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The prayer "Me'en Sheva" or "Magen Avot" which is recited in shul in Friday nights after the silent Shemoneh Esreh was instituted to accommodate late-comers so that people would walk home from shul together to avoid dangers.

Shulchan Arukh, Orach Chayyim 268:10 says:

אין אומרים ברכה מעין שבע בבית חתנים ואבלים דליכא טעמא דמאחרין לבוא שיהיו ניזוקין:

In brief, in a house that has a groom or mourner, this prayer is not said, because there is no concern of late-comers.

Some commentators have explained this concept that a non permanent "place" that does not have a regular minyan doesn't require saying this prayer.

In a few months, my friend's son will have his aufruf in a hotel. This hotel occasionally has Jewish groups and they set up a room for a minyan, when needed. However, it is a hotel - not a shul. But it is also not someone's home - it's a public place. It's not exactly as the Shulchan Aruch describes.

Does the Shulchan Aruch's principle apply to davening in a hotel Friday night?

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    "a house that has a groom or mourner": I think this should be "a groom's or mourner's house". – msh210 Feb 23 '15 at 4:46
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    The second-last paragraph sounds like a Rfפ. – Ypnypn Feb 23 '15 at 5:06
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I found a discussion regarding this here.

In conclusion a case could be made for both saying or omitting "Me'en Sheva" thus creating a situation of Safek. The author of the above article concludes:

the Pri Megadim (MZ 268:8) raises the possibility that those who recite Me'en Sheva out of doubt run the risk of a beracha l’vatala (in vain). Thus, in the final analysis, it is safer to rule that one should not have recited MS, but if they did (which I guess most groups do) there was insufficient reason to try to dissuade them.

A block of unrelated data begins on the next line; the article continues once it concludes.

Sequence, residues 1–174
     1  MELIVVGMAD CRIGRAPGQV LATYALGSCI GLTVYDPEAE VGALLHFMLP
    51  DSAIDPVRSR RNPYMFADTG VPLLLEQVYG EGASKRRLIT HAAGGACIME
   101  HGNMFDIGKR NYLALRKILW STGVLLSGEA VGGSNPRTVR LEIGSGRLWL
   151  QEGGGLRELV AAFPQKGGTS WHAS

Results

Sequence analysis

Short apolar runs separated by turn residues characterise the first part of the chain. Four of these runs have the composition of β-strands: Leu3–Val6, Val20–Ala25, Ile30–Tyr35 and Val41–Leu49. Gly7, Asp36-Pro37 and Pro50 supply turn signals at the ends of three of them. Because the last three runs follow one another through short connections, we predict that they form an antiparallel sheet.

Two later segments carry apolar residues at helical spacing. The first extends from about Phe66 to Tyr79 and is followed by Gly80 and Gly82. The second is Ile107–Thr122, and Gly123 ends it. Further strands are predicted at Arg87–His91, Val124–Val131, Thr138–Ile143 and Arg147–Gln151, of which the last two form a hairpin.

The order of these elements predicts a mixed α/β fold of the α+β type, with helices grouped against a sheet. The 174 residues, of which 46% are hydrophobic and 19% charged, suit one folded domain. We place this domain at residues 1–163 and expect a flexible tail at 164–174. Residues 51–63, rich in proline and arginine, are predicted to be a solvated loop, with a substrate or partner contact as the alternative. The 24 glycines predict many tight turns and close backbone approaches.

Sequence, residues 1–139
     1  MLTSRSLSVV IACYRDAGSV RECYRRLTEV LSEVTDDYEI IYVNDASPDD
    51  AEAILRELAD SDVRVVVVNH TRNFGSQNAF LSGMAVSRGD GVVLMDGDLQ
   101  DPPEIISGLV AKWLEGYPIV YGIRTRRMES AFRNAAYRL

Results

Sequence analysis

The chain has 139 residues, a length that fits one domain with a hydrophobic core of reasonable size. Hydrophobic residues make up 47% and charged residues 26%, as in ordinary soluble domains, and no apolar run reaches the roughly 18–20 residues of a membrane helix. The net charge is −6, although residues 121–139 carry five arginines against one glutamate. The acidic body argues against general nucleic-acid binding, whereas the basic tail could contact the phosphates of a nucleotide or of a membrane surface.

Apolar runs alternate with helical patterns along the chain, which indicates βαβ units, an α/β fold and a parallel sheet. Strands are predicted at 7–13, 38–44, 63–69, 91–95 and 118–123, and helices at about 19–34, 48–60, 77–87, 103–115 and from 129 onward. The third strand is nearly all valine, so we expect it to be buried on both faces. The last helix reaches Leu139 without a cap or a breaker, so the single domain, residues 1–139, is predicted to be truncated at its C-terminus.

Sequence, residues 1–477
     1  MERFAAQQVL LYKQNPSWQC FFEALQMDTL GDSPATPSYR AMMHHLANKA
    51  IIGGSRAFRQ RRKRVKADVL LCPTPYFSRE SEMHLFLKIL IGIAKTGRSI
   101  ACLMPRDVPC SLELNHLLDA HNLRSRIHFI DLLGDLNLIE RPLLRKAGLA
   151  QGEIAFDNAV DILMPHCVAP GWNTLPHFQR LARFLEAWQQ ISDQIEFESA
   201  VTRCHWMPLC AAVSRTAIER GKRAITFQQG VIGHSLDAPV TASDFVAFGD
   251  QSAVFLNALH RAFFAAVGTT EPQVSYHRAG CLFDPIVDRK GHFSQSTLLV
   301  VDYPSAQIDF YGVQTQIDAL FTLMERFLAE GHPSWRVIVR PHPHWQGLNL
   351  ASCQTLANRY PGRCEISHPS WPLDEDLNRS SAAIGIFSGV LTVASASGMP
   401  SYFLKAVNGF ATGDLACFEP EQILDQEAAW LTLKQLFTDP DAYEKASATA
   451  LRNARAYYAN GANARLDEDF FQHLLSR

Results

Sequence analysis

As always - for practical halacha always consult with your Rav :)

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In a few months, my friend's son will have his aufruf in a hotel. This hotel occasionally has Jewish groups and they set up a room for a minyan, when needed. However, it is a hotel - not a shul. But it is also not someone's home - it's a public place. It's not exactly as the Shulchan Aruch describes.

I have often stayed at a hotel like this for Shabbatonim.

The custom there is to recite it.

  • Actually, my friend and his father are both rabbanim, and they had an interesting email debate on this question. There are valid rules to go either way. When I can, I'll try to paste and condense parts of their discussion. – DanF Feb 24 '15 at 21:21
  • The custom where? And did they do so with any Rabbinic sanction? – Double AA Feb 25 '15 at 0:05

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